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After 3 years, Ukraine’s war still has impact

Over the span of a month in 2014, the Autonomous Republic of Crimea and the Black Sea city of Sevastopol fell out of Ukrainian hands and into Russian ones. Since April of that year, the eastern Donbass region of Ukraine has been a warzone.

In the oblasts of Donetsk and Luhansk, Russian government forces have armed and aided rebel groups who fight with the Ukrainian military for control. Though there have attempts to end hostilities — the latest cease-fire agreement was signed Feb. 20 but was broken 74 times within 24 hours according to the Kyiv Post — the war in Donbass has continued for nearly three years.

To Yulia Zakutnia, a digital marketer in Western Ukraine who also works for the Institute of Partnership and Sustainable Development, a non-governmental organization, the war is both distant and ever-present.

“Well, it’s a very complicated situation with the war here in Ukraine,” said Zakutnia in an email interview. “On the one hand, living here in Lviv, thousands of kilometers from the conflict zone, I almost do not feel the impact of war, except economic issues and (internally displaced people) problems. Even when I was in Melitopol, which is very close to conflict zone, I did not feel that people were shooting just less than a hundred kilometers away.

“On the other hand, it’s very hard not to mind the war, as almost every family has relatives or friends who are either taking their service, signing up the contract with the army or volunteering. Coming to Lviv, many people notice the military people around. The truth is that war continues, no matter if we want to recognize that or not. And people are tired of it, with all outcomes like instability, fears and economic issues.”

The U.N. Human Rights Monitoring Mission in Ukraine has logged nearly 10,000 deaths and 23,000 injuries in the war. Civilians represent approximately a fifth of those killed and a third of those injured. According to the Internal Displacement Monitoring Center, estimates indicate more than 1.7 million Ukrainians have been displaced by the conflict.

Yet, media coverage of the war is scant outside Ukraine.

“Media in Ukraine follow the situation, providing everyday reports on fires, losses and so on,” said Zakuntia. “However, these are not breaking news now, unless some peaks happen.

“What I hear from my friends abroad, they almost don’t receive any news on Ukraine.”

The international community has condemned and sanctioned Russia for its actions in the war.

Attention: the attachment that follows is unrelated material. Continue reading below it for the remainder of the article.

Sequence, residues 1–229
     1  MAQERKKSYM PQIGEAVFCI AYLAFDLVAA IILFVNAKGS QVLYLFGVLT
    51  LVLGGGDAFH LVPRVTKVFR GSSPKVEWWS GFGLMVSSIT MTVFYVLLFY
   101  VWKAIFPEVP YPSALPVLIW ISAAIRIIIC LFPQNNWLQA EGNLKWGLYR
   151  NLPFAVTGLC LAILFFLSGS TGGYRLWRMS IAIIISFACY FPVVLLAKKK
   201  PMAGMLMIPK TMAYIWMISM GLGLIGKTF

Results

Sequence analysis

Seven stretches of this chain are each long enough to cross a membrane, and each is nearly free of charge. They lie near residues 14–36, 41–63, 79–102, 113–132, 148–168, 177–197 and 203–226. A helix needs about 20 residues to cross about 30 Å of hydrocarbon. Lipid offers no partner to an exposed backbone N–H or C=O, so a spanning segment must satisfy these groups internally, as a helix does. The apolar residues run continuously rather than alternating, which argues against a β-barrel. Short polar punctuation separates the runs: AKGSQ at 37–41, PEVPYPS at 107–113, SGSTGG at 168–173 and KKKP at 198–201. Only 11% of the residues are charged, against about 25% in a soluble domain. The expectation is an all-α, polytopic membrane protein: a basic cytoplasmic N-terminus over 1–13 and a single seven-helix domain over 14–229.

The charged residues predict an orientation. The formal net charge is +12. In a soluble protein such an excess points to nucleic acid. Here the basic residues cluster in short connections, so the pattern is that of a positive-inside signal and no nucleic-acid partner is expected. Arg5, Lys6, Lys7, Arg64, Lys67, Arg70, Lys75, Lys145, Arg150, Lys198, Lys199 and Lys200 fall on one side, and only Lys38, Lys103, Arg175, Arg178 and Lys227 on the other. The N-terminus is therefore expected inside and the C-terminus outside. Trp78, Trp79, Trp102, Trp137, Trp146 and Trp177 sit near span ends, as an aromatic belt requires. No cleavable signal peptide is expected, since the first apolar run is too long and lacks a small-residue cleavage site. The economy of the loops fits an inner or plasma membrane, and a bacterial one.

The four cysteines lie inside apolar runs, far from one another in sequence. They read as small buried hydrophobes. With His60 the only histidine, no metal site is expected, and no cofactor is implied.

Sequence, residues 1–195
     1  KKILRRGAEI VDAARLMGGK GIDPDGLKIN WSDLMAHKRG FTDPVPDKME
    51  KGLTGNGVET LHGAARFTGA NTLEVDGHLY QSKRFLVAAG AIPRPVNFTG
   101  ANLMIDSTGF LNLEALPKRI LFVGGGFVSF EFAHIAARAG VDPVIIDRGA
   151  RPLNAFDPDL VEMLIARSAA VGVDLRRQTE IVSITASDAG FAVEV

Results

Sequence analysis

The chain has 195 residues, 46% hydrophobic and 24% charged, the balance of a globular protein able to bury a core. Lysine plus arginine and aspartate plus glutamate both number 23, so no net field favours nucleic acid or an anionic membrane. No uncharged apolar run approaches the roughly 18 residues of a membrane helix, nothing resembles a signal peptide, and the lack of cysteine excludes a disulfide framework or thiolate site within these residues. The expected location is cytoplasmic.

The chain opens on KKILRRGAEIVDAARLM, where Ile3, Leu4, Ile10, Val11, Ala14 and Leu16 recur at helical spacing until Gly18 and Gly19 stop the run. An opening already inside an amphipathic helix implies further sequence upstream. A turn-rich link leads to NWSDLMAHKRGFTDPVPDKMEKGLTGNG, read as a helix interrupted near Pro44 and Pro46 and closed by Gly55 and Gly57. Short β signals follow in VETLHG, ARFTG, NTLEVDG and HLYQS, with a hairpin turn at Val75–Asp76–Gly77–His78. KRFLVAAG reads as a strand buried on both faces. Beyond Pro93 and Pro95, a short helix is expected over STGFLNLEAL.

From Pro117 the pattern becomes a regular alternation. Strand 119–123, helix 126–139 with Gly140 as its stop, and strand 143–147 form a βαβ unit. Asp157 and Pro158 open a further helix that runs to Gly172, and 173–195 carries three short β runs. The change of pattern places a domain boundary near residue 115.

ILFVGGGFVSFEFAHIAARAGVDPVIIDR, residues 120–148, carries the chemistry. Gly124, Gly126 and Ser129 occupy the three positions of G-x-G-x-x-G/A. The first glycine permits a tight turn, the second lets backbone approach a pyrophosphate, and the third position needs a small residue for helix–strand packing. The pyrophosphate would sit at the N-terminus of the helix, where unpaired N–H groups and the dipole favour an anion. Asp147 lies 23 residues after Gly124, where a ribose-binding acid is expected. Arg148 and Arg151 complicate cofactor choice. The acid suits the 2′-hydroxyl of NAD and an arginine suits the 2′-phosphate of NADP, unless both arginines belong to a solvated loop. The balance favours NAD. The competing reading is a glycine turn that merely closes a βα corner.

“Well, Russian actions are recognized almost worldwide as illegal and invasive,” said Zakuntia. “The Russian side always breaks cease-fire agreements, (like the) Minsk agreement, and Ukrainian positions in the East are shot up almost all the time.”

Disentangling Russia from the region may be complicated, however. Senior Danewrys Tejeda, an economics major, studied Ukraine’s labor relationship with Russia.

“I looked at a lot of topics throughout Ukraine, primarily starting off with their gas line and their relations to Russia and politics,” said Tejeda. “Then, I focused on how pretty much dependent the Ukrainian economy is on their workforce and not just workers working inside the country, but (those) going outside the country and abroad to work and the impact of remittances.”

Many Ukrainian migrants, according to Tejeda’s research, find seasonal employment in Russia and send their paychecks back home. According to the National Bank of Ukraine, Ukrainians remitted an average of $2.3 billion a year from Russia between 2012 and 2014, 36 percent of all remittances to the country during the timeframe.

Ukrainians in Russia are a relatively cheap labor source.

“I feel like Russia is trying to take advantage of smaller, not as developed countries as Russia,” said Tejeda.

Citizens in Ukraine are eager to start a new chapter in the country’s history. In November of 2013, protestors demonstrated in Kiev’s central square, Maidan Nezalezhnosti, which eventually forced pro-Russian President Viktor Yanukovych to leave power three months later.

“During a few months, Maidan showed the really breathtaking power of people coming together,” said Zakuntia. “The main square in Kyiv was occupied by people from different regions for a few months. It was literally a city inside the city, with its own infrastructure and even social organization.

“I was studying in Kyiv at the moment and was at Maidan almost every day or night. The feeling of unity was something I cannot describe with words.”

Since the protests, Ukrainians have attempted to reform corrupt government practices, energy security and a host of other issues. Plenty of work remains.

“People face too many challenges, so they cannot remain romantic about the impact of Maidan,” said Zakuntia.

In light of Russia’s regional actions and the inability of the U.S. and European Union to help end the war, Ukrainians may seek to be more self-reliant looking ahead.

“In terms of international diplomacy, Ukraine has to strengthen its geopolitical impact, not only to be focused on internal issues, but become a player on a global level,” said Zakuntia.

Though the future is uncertain, some have hope.

“I would wish to be optimistic regarding that,” said Zakuntia. “People are tired of blood, of war. It should stop. Ukraine has very smart people with entrepreneurial spirit, great natural resources and many perspectives for development.”

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